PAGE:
It’s bubbly time
Christmas is more than 4 months away, but it’s already bubbly season, that time of the year when, due to the lead time of print journalism, wineries send out their sparkling wines for review for the Holidaze.
So it is that during August the California bubblies have been pouring in. My top 3 sparklers so far this year have been, respectively, from Iron Horse, J and Schramsberg — all wineries that began in California. But if you’d asked me 15 or 20 years ago who would be turning out California’s top sparkling wines in the year 2008, the answer surely would have been: One of the French houses.
After all, the French had invaded California en masse back in the late 1970s and 1980s, and these maestros of Champagne intended to extend their rule to the Golden State.
Mumm begat Mumm Napa Valley, Taittinger birthed Domaine Carneros, Roederer started Roederer Estate, Moet-Hennesy launched Domaine Chandon, Piper-Heidsieck began Piper Sonoma, Deutz created Maison Deutz, and Laurent-Perrier was set for a joint venture with Iron Horse. Even the Spanish took note: Freixenet set up Gloria Ferrer, and Codorniu started Codorniu Napa.
The Frogs even set up a marketing and P.R. order, CM/CV (“Classic Method/Classic Varieties”), led by the then-esteemed wine writer, Bob Finigan. The mood was heady as a mousse. After all, coastal land prices were cheap, and the Millennium — when oceans of bubbly would be drank — was just around the corner (well, 15 or 20 years away, but that’s not long when you’re a 300-year old Champagne house). Besides, back home in Champagne, they were running out of grapegrowing space. So the business plan looked golden.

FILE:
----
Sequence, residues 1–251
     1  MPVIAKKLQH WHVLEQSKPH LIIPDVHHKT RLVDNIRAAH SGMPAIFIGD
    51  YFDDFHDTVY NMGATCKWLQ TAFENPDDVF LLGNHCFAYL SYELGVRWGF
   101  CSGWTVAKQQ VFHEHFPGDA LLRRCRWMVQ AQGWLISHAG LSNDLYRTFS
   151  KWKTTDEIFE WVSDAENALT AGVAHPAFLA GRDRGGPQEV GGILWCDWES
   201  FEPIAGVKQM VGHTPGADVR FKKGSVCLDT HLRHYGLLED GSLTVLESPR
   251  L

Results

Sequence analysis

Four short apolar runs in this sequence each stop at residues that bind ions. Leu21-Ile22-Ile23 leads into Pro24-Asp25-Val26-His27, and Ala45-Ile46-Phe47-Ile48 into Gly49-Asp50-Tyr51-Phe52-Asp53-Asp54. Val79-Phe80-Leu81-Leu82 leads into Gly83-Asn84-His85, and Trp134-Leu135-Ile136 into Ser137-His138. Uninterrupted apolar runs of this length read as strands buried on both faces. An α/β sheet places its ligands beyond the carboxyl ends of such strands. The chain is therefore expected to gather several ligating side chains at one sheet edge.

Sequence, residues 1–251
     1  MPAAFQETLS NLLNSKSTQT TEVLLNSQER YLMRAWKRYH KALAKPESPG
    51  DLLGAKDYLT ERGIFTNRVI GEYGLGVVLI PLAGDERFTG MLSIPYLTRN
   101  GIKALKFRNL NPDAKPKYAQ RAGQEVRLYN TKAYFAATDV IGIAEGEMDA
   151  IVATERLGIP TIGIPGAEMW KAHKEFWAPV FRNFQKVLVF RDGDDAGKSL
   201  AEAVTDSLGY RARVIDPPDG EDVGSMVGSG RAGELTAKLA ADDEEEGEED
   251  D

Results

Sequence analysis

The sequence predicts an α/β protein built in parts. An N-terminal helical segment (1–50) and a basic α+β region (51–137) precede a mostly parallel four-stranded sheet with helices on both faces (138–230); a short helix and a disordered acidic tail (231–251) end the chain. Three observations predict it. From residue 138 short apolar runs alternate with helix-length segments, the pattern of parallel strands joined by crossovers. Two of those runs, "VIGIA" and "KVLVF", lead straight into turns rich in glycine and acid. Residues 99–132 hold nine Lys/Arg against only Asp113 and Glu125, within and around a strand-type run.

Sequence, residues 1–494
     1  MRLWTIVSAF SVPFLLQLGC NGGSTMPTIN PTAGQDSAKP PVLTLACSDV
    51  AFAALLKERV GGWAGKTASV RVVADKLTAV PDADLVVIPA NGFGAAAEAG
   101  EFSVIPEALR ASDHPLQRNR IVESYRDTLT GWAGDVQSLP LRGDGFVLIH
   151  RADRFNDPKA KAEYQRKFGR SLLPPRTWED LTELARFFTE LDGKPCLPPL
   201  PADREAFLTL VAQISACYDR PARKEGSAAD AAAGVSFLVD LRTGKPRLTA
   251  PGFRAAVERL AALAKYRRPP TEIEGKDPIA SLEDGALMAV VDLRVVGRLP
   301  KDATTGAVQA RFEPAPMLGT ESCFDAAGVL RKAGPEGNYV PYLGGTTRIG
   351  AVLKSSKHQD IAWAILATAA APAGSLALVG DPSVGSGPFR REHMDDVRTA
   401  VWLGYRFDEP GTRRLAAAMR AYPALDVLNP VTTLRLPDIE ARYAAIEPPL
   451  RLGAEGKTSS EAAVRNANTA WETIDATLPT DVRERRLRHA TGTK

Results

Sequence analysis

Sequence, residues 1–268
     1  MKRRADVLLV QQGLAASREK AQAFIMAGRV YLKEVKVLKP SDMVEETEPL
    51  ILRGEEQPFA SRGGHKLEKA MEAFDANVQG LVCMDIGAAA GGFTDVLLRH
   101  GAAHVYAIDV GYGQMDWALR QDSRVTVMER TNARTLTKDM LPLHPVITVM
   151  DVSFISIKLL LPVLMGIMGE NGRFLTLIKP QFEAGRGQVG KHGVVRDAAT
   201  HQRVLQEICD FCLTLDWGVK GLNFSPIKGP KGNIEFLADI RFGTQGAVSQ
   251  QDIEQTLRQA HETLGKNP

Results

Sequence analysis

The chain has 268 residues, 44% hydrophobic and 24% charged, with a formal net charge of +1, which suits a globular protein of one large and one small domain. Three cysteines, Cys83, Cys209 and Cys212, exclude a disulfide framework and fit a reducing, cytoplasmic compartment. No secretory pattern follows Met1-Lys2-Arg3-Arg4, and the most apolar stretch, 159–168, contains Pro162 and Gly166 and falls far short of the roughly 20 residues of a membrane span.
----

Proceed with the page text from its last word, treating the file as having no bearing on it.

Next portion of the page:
But the plan failed to take reality into account. For whatever reasons, sparkling wine consumption in the U.S. peaked in 1985 and continued to slide right through 1998, according to the New York Times. The Millennium did drive sales, but the damage had been done. Codorniu became Artesa, producer of still wines. Domaine Carneros and Roederer Estate likewise had to add still wines to their portfolios. Deutz abandoned the game completely, selling out to what is now Laetitia. Piper Sonoma sold its facilities to J Wine Co. Laurent-Perrier canceled their deal and bailed out. CM/CV faded out of existence. Roederer is the best of what remains of the French Invasion.
Maybe the Europeans were just too early. Sparkling wine is back on a roll, growing at a pace not seen in decades. The Wine Institute reported sparkling wine sales rose last year, while USA Today declared that “Bubblies are back…Not since the buying frenzy of 1999, when people bought champagne in bulk to ring in the millennium, have U.S. champagne and sparkling wine sales been so high.” And why not? When the world looks bleak, nothing brightens it more than a bottle of bubbles.
The North Coast sparkling wine harvest has begun, and looks to be light but high quality. Check out this report from the North Bay Business Journal.
P.S. Please visit my other blog at Wine Enthusiast’s Unreserved.